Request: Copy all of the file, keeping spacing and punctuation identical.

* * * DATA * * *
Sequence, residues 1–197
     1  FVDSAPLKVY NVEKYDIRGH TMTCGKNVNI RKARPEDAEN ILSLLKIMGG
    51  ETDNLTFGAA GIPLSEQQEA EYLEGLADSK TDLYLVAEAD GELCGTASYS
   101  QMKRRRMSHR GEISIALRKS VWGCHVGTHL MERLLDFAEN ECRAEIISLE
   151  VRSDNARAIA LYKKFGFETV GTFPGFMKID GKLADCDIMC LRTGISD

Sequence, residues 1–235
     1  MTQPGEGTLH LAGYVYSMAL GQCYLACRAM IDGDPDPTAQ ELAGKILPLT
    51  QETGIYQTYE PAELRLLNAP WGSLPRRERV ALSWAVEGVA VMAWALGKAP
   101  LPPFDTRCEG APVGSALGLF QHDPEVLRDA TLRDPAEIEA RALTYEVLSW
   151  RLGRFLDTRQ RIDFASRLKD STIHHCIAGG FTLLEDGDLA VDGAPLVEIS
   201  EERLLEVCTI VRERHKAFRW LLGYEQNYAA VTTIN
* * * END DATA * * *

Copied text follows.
Sequence, residues 1–197
     1  FVDSAPLKVY NVEKYDIRGH TMTCGKNVNI RKARPEDAEN ILSLLKIMGG
    51  ETDNLTFGAA GIPLSEQQEA EYLEGLADSK TDLYLVAEAD GELCGTASYS
   101  QMKRRRMSHR GEISIALRKS VWGCHVGTHL MERLLDFAEN ECRAEIISLE
   151  VRSDNARAIA LYKKFGFETV GTFPGFMKID GKLADCDIMC LRTGISD

Sequence, residues 1–235
     1  MTQPGEGTLH LAGYVYSMAL GQCYLACRAM IDGDPDPTAQ ELAGKILPLT
    51  QETGIYQTYE PAELRLLNAP WGSLPRRERV ALSWAVEGVA VMAWALGKAP
   101  LPPFDTRCEG APVGSALGLF QHDPEVLRDA TLRDPAEIEA RALTYEVLSW
   151  RLGRFLDTRQ RIDFASRLKD STIHHCIAGG FTLLEDGDLA VDGAPLVEIS
   201  EERLLEVCTI VRERHKAFRW LLGYEQNYAA VTTIN